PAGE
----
Discoidin domain receptor 1 promotes T-cell migration in three-dimensional collagen by activatingthe RhoA/ROCK/MAPK/ERK signaling axis
Marc Boisvert1, Mohammed-Amine El Azreq1, Maleck Kadiri1, Nathalie Pagé1, Philippe A. Tessier1,2 and Fawzi Aoudjit1,2*
1Axe de Recherche sur les Maladies Infectieuses et Immunitaires, Centre de Recherche du Centre Hospitalier Universitaire de Québec, Québec, QC, G1V 4G2, Canada;
2Département de Microbiologie-Immunologie, Faculté de Médecine, Université Laval, Québec, QC, G1V 0A6, Canada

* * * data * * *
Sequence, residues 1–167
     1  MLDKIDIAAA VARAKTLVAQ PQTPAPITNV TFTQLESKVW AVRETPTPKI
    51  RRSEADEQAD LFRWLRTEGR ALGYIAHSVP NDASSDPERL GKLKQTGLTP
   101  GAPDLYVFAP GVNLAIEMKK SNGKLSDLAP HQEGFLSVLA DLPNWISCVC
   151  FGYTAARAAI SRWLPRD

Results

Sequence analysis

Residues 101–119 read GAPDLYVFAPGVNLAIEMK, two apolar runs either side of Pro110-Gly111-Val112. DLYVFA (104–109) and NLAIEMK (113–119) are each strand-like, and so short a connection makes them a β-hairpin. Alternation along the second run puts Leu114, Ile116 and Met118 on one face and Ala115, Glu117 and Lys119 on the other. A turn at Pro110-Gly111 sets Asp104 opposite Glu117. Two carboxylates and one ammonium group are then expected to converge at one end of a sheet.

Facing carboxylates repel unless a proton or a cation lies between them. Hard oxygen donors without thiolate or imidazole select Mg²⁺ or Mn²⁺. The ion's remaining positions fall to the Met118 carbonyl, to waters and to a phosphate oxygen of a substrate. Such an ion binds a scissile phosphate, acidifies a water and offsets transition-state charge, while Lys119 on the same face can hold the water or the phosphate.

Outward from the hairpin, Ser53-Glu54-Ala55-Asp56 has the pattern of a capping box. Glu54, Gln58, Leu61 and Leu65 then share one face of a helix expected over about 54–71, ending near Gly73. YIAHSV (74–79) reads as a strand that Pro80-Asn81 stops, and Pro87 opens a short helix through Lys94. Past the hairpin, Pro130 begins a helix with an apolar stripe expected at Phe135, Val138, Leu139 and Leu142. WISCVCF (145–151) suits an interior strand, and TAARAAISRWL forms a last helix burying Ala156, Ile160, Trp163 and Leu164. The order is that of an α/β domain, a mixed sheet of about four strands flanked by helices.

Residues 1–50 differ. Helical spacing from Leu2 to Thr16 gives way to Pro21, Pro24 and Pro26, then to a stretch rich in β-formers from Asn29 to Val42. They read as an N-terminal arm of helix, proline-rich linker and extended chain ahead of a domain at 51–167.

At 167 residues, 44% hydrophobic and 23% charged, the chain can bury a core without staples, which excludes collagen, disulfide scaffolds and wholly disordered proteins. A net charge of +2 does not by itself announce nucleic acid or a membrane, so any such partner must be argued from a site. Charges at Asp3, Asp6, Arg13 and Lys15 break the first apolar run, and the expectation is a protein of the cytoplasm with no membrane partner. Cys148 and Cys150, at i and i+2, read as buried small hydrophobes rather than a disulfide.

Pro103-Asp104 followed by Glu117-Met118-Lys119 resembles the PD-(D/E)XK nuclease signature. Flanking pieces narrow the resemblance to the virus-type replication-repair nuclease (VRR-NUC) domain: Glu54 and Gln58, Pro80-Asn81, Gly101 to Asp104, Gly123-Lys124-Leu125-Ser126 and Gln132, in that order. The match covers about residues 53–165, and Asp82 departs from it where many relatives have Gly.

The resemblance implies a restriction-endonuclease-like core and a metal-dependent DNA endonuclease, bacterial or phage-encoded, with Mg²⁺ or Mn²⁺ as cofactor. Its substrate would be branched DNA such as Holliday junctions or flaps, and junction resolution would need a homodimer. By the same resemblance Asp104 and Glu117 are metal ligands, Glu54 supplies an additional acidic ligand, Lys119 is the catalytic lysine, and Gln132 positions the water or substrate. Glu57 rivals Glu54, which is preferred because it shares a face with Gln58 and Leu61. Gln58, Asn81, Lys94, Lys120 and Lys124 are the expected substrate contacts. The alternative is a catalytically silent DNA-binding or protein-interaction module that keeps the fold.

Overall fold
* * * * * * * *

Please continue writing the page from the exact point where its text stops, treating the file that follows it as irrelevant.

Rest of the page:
Effector T cell migration in extravascular tissues is an important step of the adaptive immune response against infections and cancer. However, the mechanisms involved in this process are still poorly understood. As the tumor microenvironment is rich in collagen, we addressed the role of a collagen receptor, the discoidin domain receptor 1 (DDR1). We showed that the vast majority of human Th1 and Th17 cells express DDR1 and silencing DDR1 or using the blocking recombinant receptor DDR1:Fc significantly reduced their motility and invasion capacity in three-dimensional (3D) collagen. In addition, DDR1 is also involved in the chemotaxis of human effector T-cells in 3D collagen. DDR1 promoted T-cell migration by activating the RhoA/ROCK and the MAPK/ERK signaling pathways concomitantly with the reduction of Rac1 activation. Finally, we showed that the CCL20-recruited Th17 cells to the mouse dorsal air pouch express DDR1, and that blockade of DDR1 significantly reduced their recruitment. Taken together, our results show that DDR1 is a key pathway in effector T cell migration through collagen and in perivascular tissues, suggesting a role for DDR1 in anti-cancer immunity.